Is The Time Right For This Solar Giant?

Matthew is a member of The Motley Fool Blog Network -- entries represent the personal opinion of the blogger and are not formally edited.

My regular readers know that I am a big fan of solar power as a long-term solution to our energy needs.  With world energy consumption forecast to quintuple by 2050, there is no other energy source that can be implemented on a grand scale that is as cost-effective as solar is becoming. 

However, solar stocks have rallied very nicely from the lows of mid-2012 when all I read about was predictions of the bankruptcy of the entire solar industry!  While I concede that the solar industry is not viable quite yet without some kind of subsidies, conditions were not quite as bad as people were led to believe. 

Once this was realized, the most recognizable name in the solar space, First Solar (NASDAQ: FSLR) popped from its low of $11.43 all the way to the mid-30’s.  While I believe in the company long-term, for the time being, it may have come a bit too far too fast in my opinion.  When the company reports 2012’s earnings on Feb. 25, investors will get a nice update on the state of the industry and First Solar’s outlook on where it is heading.

The Company

Since going public in 2006, First Solar has grown its revenue very nicely (see below).  The company designs and manufactures solar modules using its proprietary thin film technology, and uses less than 1% of the semiconductor material needed to make crystalline silicon modules. 

The strategy of First Solar is simple: reduce PV (photovoltaic) system costs as much as possible, and they will be appealing to more customers.  First Solar’s manufacturing costs have steadily fallen over the years, and are down to $0.73 per watt as of the end of last fiscal year.  The manufacturing costs for 2012 are definitely worth paying attention to during the earnings report.  If these costs are still steadily decreasing, the solar industry will be able to stand on its own quicker.

The Solar Industry

The general consensus now seems to be that eventually solar will become a widespread source of energy.  With the bankruptcy of Solyndra, the industry got the reputation of being made up of small, unstable companies.  However, the solar industry in general is more popular and mainstream than you may think, as many of the “big boys” have been developing solar equipment for some time now.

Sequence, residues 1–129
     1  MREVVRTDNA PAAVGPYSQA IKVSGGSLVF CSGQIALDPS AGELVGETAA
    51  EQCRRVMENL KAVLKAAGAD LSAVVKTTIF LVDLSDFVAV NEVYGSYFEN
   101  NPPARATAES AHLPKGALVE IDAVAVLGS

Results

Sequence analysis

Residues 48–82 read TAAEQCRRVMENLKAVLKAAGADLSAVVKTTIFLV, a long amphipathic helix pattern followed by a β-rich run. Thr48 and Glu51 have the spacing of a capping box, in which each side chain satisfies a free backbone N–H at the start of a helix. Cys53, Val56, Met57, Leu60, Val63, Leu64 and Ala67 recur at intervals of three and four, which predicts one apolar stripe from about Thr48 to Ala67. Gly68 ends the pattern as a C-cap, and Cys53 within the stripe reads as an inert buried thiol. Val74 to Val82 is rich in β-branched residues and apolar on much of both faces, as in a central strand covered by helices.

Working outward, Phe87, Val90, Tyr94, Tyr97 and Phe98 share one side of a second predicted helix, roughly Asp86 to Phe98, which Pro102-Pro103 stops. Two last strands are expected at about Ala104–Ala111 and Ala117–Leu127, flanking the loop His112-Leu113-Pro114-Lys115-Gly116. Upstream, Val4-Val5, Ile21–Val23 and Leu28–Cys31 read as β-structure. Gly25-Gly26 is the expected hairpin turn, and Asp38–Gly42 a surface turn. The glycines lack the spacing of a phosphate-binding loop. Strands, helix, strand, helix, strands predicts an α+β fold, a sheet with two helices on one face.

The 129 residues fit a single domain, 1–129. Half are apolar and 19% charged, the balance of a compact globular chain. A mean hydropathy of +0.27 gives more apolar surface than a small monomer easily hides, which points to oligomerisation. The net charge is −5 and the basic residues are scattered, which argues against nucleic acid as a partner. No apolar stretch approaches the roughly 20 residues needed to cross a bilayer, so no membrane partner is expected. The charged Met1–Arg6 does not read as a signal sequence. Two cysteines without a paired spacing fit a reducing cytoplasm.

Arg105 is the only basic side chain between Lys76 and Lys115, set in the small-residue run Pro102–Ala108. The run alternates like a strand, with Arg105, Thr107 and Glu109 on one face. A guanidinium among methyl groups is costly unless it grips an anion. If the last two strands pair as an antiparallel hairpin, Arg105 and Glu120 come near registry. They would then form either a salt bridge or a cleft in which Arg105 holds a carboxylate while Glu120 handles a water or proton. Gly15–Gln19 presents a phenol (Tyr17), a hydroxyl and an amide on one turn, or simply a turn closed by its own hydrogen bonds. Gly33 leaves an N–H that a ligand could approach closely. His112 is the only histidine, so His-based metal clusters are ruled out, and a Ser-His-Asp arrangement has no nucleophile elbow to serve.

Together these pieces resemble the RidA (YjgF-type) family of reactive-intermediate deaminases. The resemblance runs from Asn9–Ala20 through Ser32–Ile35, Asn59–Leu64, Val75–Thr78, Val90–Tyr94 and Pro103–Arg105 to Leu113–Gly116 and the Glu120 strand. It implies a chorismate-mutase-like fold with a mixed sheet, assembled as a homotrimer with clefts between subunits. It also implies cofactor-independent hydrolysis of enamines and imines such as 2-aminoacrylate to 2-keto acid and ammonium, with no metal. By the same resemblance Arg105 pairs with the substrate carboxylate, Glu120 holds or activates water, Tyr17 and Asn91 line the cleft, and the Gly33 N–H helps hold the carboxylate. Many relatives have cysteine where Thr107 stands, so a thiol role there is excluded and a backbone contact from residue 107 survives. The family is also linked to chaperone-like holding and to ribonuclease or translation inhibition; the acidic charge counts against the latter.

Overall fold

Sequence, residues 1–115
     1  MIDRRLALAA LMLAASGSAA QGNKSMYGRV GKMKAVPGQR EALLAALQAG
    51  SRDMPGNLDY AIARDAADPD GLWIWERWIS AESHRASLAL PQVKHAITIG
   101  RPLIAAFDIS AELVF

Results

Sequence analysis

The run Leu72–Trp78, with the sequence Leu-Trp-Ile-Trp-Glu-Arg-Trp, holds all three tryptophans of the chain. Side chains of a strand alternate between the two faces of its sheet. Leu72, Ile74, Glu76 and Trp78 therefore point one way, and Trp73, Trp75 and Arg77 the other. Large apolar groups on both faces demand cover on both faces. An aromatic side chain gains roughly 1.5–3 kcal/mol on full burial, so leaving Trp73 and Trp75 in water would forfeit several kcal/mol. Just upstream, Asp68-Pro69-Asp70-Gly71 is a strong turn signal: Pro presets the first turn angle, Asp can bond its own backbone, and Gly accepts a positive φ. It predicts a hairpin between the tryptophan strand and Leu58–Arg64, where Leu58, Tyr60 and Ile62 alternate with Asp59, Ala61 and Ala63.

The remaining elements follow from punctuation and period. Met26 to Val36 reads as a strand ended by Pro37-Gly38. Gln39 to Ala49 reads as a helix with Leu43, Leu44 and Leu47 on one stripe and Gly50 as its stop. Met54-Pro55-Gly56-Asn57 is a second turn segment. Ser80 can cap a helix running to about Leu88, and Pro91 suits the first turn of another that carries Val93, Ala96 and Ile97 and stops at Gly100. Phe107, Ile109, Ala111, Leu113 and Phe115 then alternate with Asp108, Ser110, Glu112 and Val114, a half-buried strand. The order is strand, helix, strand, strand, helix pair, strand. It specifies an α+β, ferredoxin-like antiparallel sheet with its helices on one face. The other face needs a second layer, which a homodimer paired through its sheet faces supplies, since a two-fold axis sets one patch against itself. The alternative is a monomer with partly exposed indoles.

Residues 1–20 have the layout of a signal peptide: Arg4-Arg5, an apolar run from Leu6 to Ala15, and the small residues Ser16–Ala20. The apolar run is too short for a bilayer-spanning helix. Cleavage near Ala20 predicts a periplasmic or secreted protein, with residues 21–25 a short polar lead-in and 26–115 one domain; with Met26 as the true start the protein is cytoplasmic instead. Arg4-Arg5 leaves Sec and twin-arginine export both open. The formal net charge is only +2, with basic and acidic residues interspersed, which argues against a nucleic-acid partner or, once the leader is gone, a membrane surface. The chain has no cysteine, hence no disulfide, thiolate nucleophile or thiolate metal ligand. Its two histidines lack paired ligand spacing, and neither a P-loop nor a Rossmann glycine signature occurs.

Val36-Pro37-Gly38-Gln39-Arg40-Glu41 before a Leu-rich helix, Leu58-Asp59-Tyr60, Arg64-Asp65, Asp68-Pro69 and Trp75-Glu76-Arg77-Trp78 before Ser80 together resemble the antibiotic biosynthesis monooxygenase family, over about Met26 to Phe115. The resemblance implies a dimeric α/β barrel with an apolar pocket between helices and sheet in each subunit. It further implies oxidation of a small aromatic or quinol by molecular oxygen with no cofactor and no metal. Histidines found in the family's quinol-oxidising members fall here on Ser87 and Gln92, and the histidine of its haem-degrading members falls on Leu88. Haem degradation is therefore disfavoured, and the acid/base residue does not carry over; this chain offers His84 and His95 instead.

Two companies with particularly ambitious solar operations are General Electric (NYSE: GE) and 3M (NYSE: MMM), and these may actually be a good way to play the solar industry and ride out the uncertainty ahead. 

General Electric has offered solar products for utility, commercial, and residential customers for some time now.  In 2010, they announced that their solar efforts would focus on the thin-film PV market.  I’m actually very optimistic on GE’s solar efforts both because of its size (lots of resources to use in their research) and the fact that their products are backed up by GE’s immense customer service network, a feature that smaller companies cannot provide.

3M has been quietly producing solar films for almost three decades.  In 2009, the company formed a renewable energy division, aimed at nurturing 3M’s solar and wind divisions.  Just last year, 3M announced the construction of a new solar manufacturing site in China.  With companies of this scale getting involved, the technology may very well advance quicker than expected.

Valuation and Conclusion

At a glance, First Solar may appear cheap, but I think the valuation of the company is just about right.  As the company restructures its operations and reduces capacity, naturally earnings will drop for a period of time.  The company is expected to report $4.61 per share for 2012, and this is expected to decrease to $4.01 and $3.38 in 2013 and 2014, respectively, and earnings should stabilize once the restructuring takes effect.  However, the company has a strong balance sheet with more cash on hand than debt, so this should help the company maintain a good valuation.

So, while it may sound cheap that First Solar trades at just 7 times earnings, I think it’s pretty fair considering the uncertainty of the next few years while the company gets rid of its excess capacity.  Make no mistake, this company is in virtually no danger of going bankrupt, however I want to see the earnings declines stabilize before putting money behind First Solar.  Oh, there is that rumor that keeps popping up about the company being a takeover target…


KWMatt82 has no position in any stocks mentioned. The Motley Fool recommends 3M. The Motley Fool owns shares of General Electric Company. Try any of our Foolish newsletter services free for 30 days. We Fools may not all hold the same opinions, but we all believe that considering a diverse range of insights makes us better investors. The Motley Fool has a disclosure policy. Is this post wrong? Click here. Think you can do better? Join us and write your own!

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